> mingw64-i686 ports of those as well.  Either way, those should all be
> cygport-able.

Hm. A 64bit version of setup.exe; interesting. I don't mind providing
the additional packages for that; the list of setup's dependencies isn't
THAT long.

>>    the tools in the cygwin package, like strace.exe and cygcheck.exe
>>       -- no changes; handled by cygwin gcc with -nostdlib? and not
>>          built using cygport anyway.
>> So...there aren't that many cross-compiled packages that are part of the 
>> cygwin distribution -- and few would use any additional cygclasses, 
> No, I don't think we should be accepting every library *in the distro*
> compiled for every toolchain on the planet.  But by covering the basics
> properly, cygport should still be usable for that purpose by individual
> users.

Right.  Setup's dependencies, IMO, serve as a sufficient "proof of
concept" that the cross compiler toolchains work.

>> The best of all worlds would be to have a local override, that can be 
>> set per-command:
> I have already thought of a couple of cases where it might make sense to
> install outside of sysroot, although that should still be a fringe case.

True. This is not the sort of thing you'd want to do automatically, but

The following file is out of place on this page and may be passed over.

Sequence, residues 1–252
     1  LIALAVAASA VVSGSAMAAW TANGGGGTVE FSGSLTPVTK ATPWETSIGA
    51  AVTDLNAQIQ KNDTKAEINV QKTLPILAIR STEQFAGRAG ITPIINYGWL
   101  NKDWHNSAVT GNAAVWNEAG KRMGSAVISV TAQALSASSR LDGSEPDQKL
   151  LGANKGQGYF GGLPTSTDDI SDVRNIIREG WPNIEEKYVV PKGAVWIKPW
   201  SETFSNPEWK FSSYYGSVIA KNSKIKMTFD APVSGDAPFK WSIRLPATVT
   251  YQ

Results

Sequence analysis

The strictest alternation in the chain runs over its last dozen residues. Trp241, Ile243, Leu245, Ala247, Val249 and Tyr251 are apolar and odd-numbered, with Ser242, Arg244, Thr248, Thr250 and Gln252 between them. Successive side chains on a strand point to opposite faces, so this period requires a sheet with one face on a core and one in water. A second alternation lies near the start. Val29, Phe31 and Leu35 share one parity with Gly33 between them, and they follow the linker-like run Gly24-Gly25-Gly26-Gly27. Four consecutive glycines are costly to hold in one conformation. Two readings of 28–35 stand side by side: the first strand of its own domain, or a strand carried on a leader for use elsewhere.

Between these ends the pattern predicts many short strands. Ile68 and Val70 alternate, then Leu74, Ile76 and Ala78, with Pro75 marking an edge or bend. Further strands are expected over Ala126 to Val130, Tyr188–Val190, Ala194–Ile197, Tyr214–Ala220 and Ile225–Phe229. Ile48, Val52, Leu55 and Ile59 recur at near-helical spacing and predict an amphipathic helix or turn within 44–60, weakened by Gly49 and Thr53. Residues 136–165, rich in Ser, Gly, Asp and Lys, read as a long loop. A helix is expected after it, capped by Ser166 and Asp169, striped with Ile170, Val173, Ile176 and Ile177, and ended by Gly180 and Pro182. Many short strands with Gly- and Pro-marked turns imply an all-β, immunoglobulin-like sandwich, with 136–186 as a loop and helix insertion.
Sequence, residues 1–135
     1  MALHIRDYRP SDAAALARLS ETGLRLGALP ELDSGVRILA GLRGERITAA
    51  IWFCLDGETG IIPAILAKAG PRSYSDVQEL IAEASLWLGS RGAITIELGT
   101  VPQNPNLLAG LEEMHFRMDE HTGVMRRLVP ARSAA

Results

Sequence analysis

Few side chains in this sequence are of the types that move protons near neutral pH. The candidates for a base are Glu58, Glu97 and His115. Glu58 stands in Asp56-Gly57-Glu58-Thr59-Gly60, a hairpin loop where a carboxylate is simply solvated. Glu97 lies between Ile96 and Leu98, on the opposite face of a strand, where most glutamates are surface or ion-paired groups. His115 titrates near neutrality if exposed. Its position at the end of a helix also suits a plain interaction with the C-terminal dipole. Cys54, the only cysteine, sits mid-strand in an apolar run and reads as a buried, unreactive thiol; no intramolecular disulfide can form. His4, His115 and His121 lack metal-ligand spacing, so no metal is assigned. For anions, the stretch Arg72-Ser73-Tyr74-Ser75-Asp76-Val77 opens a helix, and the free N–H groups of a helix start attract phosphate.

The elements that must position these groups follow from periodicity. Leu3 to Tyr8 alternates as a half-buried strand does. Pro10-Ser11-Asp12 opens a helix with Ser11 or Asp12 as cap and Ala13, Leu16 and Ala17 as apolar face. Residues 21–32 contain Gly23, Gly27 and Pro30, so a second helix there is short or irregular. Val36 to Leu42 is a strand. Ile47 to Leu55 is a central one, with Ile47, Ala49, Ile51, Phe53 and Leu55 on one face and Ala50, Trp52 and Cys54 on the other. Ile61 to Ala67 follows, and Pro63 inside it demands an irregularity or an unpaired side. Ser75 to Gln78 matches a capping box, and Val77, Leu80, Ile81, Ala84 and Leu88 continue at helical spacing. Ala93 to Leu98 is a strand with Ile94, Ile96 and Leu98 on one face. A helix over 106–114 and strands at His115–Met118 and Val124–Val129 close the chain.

the ability to override might be important in some cases. None spring to
mind right now, but I'm sure they exist.

> If we agree that do* should work under the sysroot, then whatever we
> decide for handling these can come later w/o breaking API.


>> This scheme can't address the issues related to OTHER inherited 
>> cygclasses which use the do* commands.  But then, we probably don't care 
>> about that very much.  .cygclasses are supposed to be black boxes that 
>> 'just work'(tm); their internal operation shouldn't be second guessed.
> No, they shouldn't, otherwise it's impossible to keep any semblance of
> API stability.

That was my point.

>> Remember that in mingw64-speak, the "mingw64-crt-headers" is a 
>> completely separate package than "mingw64-crt-lib" -- there's no 
>> "top-level" configure typing them together, AFAIR; so it'd be rather 
>> difficult to munge them together into a single package named 
>> "mingw64-*-runtime".
> The upstream "mingw-w64-snapshot" source packages actually contain both
> with a top-level configure.  The only reason to do one without the other
> is when bootstrapping; I see no need to artificially split them for the
> distro.

I wasn't aware of that "extra" level configury -- they've only had that
for a few months, and JonY's original packages didn't use it.  However,
"-snapshot" includes also mingw-w64-libraries (which we probably don't
want, and which is NOT to be confused with mingw-w64-crt which we DO
want).  And other similar issues, like -tools.

Looking at the, it appears those "extra" items are NOT
built by default. So, sure, since mingw64 has so helpfully provided the
new top-level stuff, why not use it and avoid splitting -headers and -lib.

>> Or, for that matter, splitting mingw64-$CPU-gcc into separate languages. 
>> I *really* don't want to have to download Fortran, ObjC, (and perhaps 
>> Ada and java?) when all I really want is C++.
> I would have no objections to splitting out gcc into core/g
> ++/objc/fortran subpackages (provided that the DLLs go together with
> their respective compiler), I'm just not bothering with that right
> now.

Well, since JonY already had the cygport machinery to do that, I'm sure